You crack me up, George


George W. Bush brought his self-caricature to the Republican-friendly northwest corner of Arkansas last week.

They unfurled a banner behind him. This one, saying "fiscal responsibility," was laughable, as opposed to that last one, "mission accomplished," which was cry-able.

The president had what his people called a "town meeting," but which actually was a highly structured and mostly scripted remote studio production.

The local Republicans and the local Chamber of Commerce filled the room with specially invited friends who would ask questions either sweet, adoring or, if at all challenging, respectfully so.

They could have staged this show in any room anywhere. But the White House wanted to make it appear the president was out among the people. So it plopped down in this particularly conservative area because of the reduced likelihood of angry demonstrators and because the region is prosperous, thus representative of Bush's arguable contention that the economy is good.

If there are two things the right and left can agree on, and they would be the only two, they are these: The mission in Iraq was not accomplished and Bush has not been fiscally responsible.

Liberals and Democrats believe that Bush -- through tax cuts and warring -- has been fiscally irresponsible in squandering the debt-reducing surplus bequeathed him by Bill Clinton.

Conservatives believe Bush has been fiscally irresponsible by obliging federal business as usual while creating a new entitlement, prescription drug coverage in Medicare, without paying for it.

In this unique, perhaps magical, instance, both sides are right. The self-avowed "uniter" has unified American opinion about something, that being that he is a fiscal train wreck.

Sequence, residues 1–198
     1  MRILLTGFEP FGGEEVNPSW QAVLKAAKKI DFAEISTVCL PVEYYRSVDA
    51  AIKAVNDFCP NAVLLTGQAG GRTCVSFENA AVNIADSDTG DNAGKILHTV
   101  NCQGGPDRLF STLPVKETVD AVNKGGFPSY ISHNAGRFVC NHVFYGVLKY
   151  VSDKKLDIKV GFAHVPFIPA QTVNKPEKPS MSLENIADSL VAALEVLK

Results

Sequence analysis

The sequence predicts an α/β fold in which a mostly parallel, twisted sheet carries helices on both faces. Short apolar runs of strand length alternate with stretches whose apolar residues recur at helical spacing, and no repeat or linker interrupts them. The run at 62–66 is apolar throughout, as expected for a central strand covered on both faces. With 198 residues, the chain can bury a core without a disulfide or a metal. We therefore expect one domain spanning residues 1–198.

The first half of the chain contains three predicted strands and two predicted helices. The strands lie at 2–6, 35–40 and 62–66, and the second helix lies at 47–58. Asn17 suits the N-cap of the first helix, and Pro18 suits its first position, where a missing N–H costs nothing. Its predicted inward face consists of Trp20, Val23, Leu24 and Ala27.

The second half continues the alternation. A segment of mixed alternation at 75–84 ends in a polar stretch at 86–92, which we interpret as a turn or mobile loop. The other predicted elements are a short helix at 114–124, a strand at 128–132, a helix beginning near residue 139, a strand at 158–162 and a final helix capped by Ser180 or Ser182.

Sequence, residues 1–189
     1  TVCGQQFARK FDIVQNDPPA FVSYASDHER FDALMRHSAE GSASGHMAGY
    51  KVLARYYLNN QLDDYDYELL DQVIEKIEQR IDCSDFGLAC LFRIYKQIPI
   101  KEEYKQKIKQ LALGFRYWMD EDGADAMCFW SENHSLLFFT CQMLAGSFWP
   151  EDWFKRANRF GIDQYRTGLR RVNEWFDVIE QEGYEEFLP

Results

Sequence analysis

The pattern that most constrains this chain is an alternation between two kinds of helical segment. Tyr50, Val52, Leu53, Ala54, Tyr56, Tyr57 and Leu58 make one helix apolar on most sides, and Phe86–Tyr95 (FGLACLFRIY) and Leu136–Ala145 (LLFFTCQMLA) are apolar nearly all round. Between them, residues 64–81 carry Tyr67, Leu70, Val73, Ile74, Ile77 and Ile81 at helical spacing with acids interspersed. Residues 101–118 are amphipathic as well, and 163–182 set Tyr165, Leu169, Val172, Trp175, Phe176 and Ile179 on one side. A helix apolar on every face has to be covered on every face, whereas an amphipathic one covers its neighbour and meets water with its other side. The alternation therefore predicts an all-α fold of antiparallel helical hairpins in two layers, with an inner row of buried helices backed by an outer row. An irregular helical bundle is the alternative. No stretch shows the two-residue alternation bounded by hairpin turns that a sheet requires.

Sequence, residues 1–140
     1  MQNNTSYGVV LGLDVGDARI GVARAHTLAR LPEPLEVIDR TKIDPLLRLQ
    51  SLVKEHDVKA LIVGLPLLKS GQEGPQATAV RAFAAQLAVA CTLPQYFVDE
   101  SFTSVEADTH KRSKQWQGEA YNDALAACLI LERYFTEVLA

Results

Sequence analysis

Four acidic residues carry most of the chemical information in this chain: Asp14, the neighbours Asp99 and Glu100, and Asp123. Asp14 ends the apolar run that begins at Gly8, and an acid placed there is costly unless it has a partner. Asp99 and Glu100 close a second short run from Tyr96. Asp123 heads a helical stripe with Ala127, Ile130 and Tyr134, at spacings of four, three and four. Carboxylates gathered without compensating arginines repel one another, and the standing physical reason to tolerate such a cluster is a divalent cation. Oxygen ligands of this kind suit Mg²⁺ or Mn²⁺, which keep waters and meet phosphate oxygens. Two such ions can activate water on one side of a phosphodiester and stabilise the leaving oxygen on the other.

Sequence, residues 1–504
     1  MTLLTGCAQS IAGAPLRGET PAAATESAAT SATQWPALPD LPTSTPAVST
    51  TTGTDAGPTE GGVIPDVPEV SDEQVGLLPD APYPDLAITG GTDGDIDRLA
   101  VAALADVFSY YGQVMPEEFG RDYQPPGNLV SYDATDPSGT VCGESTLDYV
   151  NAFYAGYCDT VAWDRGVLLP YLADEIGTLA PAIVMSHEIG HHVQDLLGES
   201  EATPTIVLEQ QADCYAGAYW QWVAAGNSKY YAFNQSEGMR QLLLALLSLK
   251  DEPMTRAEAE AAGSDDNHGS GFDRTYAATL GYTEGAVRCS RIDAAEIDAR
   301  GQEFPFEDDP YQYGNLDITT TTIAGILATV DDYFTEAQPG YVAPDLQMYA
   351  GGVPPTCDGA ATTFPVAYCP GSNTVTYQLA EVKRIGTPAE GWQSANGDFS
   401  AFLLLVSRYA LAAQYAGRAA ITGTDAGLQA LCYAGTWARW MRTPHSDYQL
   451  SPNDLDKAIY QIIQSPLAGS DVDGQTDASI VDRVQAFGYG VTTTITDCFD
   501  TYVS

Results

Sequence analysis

So you're wondering what Bush could possibly have been relying on when he preached and preened beneath a banner crowing fiscal responsibility.

Was he being intentionally ironic? Making a joke?

No. He was advancing two points.

One was that the new estimate of the annual federal budget deficit is down nearly by half, to $168 billion or so, which represents a lower percentage of GDP than the average deficit over the last four decades.

The only thing that means is that the revenue-producing elements of our mixed-signals economy are healthier than the year before. It has nothing to do with spending restraint, policy action or newly credible budgeting.

Bush says it's attributable to growth caused by his tax cuts. But his tax cuts were well into effect in years with higher deficits. We're dealing with fluctuations, not patterns.

So this was Bush's other point last week: Look out, because he's decided, seven years too late for his conservative flank, to get tough on the budget.

He's already vetoed expanded health insurance for kids. He'd never before vetoed a congressional spending bill. But now, all of a sudden, as a lame duck with but months left, he vows to veto a good half-dozen if he doesn't like them. We conceivably could be looking at government shutdowns.

These bills to be sent him by a Democratic Congress will not vary significantly from those sent him over the years by a Republican Congress, except that they'll show a little more restraint on things like earmarks and a little more compassion on things like children's health insurance. Yet they're apt to get vetoed instead of rubber-stamped.

Laughable? Sure. Everything's relative. Living a while longer on our credit cards, borrowing to pay the interest on borrowing, and pretending all of a sudden that we're austere -- it's funnier than war, at least.

John Brummett is an award-winning columnist for the Arkansas News Bureau in Little Rock and author of "High Wire," a book about Bill Clinton's first year as president. His e-mail address is jbrummett@ arkansasnews.com.

 

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